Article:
In Egypt, the government has taken steps to reverse long-standing bans on coal use and imports, ousting a Minister of Environment who opposed increased reliance on coal over concerns about its impacts on health and livelihoods. Since May 2013, the government has refused to provide figures about current and planned increases in coal imports and use, or whether or how it is monitoring or enforcing the environmental obligations of cement and other companies that were granted the permission to use coal. It is making decisions to open Egypt to coal with essentially no civil society participation, amid a generalized increase in suppression of freedom of expression and protest.
The countries increasing coal production and consumption do so for the sake of development—of their domestic industries and their economy, of energy to reach more of their population more consistently and without blackouts. But in overall terms, the worldwide externalized costs of coal in 2007 were estimated at USD 450 billion, while the economic value of coal that year was only USD 210 billion. In addition, in many cases this development comes at the expense of the human rights of the people most vulnerable to the detrimental effects of coal. Human rights violations caused by the coal industry, and other actors that support it—such as security personnel and government officials—are rarely prosecuted, nor are victims able to obtain civil remedies in most cases.
A just transition from coal is crucial for human rights—a “green” economy alone is not sufficient. Through our case study research on the impact of the coal industry in the global South, we came to six key findings. First, coal is not cheap, despite common misconceptions. Second, coal actually aggravates local poverty and may have very little positive net economic effect nationally. Third, the coal industry in the global South is being fuelled by both the South and the North—no one is exempt from responsibility. Fourth, human rights violations around the coal industry thrive in contexts of weak and/or repressive governance. Fifth, corporate social responsibility is simply not enough to guarantee true accountability. And finally, a just transition from coal is crucial for human rights—a “green” economy alone is not sufficient.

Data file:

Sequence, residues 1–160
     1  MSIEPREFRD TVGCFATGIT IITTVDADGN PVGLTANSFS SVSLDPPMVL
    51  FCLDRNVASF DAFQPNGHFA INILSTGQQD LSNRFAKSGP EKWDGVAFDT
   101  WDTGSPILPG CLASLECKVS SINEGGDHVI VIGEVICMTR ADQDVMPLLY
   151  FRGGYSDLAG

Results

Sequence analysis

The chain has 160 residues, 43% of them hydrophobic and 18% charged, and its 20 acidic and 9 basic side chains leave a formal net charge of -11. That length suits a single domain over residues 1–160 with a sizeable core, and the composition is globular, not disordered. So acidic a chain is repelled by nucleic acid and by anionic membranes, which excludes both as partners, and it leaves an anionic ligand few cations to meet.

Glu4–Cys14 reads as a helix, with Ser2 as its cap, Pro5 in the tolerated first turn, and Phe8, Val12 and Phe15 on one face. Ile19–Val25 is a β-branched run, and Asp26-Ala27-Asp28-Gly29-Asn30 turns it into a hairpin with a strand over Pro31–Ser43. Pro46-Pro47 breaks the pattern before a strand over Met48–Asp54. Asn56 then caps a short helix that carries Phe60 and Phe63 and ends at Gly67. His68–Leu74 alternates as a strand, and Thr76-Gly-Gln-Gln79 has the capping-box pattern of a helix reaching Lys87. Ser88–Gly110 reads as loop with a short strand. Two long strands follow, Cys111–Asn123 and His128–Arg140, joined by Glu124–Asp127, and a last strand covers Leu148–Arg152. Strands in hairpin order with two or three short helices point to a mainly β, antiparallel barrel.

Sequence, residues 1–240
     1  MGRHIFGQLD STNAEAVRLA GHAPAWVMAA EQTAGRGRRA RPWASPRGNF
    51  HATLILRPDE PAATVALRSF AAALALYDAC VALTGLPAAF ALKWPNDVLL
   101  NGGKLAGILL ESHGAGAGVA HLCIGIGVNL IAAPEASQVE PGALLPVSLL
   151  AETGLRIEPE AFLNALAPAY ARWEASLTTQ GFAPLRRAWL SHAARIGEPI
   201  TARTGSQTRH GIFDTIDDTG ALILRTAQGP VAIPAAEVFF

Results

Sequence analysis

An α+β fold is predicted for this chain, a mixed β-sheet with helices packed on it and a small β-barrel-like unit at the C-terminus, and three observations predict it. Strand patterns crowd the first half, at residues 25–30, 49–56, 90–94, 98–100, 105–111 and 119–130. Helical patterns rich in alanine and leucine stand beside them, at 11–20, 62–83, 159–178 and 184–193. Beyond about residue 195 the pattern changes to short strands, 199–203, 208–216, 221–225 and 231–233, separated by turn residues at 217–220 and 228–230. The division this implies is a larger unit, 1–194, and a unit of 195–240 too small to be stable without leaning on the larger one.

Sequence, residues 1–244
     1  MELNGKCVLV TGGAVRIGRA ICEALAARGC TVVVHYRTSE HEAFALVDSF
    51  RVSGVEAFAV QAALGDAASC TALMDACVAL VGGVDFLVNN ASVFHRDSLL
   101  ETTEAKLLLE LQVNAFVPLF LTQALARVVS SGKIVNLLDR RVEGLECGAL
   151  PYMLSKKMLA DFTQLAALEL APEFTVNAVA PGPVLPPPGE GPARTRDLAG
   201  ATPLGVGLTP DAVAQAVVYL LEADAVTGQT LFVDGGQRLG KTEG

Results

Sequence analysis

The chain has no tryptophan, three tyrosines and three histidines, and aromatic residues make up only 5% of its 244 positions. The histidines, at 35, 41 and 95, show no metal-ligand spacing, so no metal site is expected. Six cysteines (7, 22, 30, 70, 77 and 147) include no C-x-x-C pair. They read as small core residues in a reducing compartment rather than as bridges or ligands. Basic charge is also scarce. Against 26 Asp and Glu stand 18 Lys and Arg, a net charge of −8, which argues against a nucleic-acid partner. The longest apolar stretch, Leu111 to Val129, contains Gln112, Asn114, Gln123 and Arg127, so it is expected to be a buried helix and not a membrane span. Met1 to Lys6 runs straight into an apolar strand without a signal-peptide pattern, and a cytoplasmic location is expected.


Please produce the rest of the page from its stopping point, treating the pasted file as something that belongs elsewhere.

In Colombia, already the world’s fifth-largest exporter of coal, the government estimates that coal production will increase by 50% by 2019. Coal mining has displaced indigenous peoples, farmers, and Afro-descendant communities, sometimes forcibly depriving them of land that is essential to both their livelihoods and their cultural identity, as they are pushed onto ever-smaller parcels. It has also exacerbated the already fragile situation of water scarcity in the largest arid region of Colombia, where many of these communities are located. Often, the costs to these communities are not even calculated into the coal debate. As we ask in our report, how does one put a dollar value on the number of families displaced by land grabs for coal mines, the deaths caused by paramilitaries which were allegedly hired by a coal company in Colombia, or the deprivation of traditional livelihoods of indigenous communities?
The violations of human rights in the coal industry are specific to each country, yet as a whole they seem to be common across the global South. Thus, the coal industry, governments making commitments at the Paris Conference of Parties, and other stakeholders must understand the real questions of coal’s impacts, and its future, as a matter of rights and remedies. These are not issues that can be addressed with only numerical targets, technical fixes and voluntary charity by companies.
The full version of this report is available at www.coalinthesouth.org.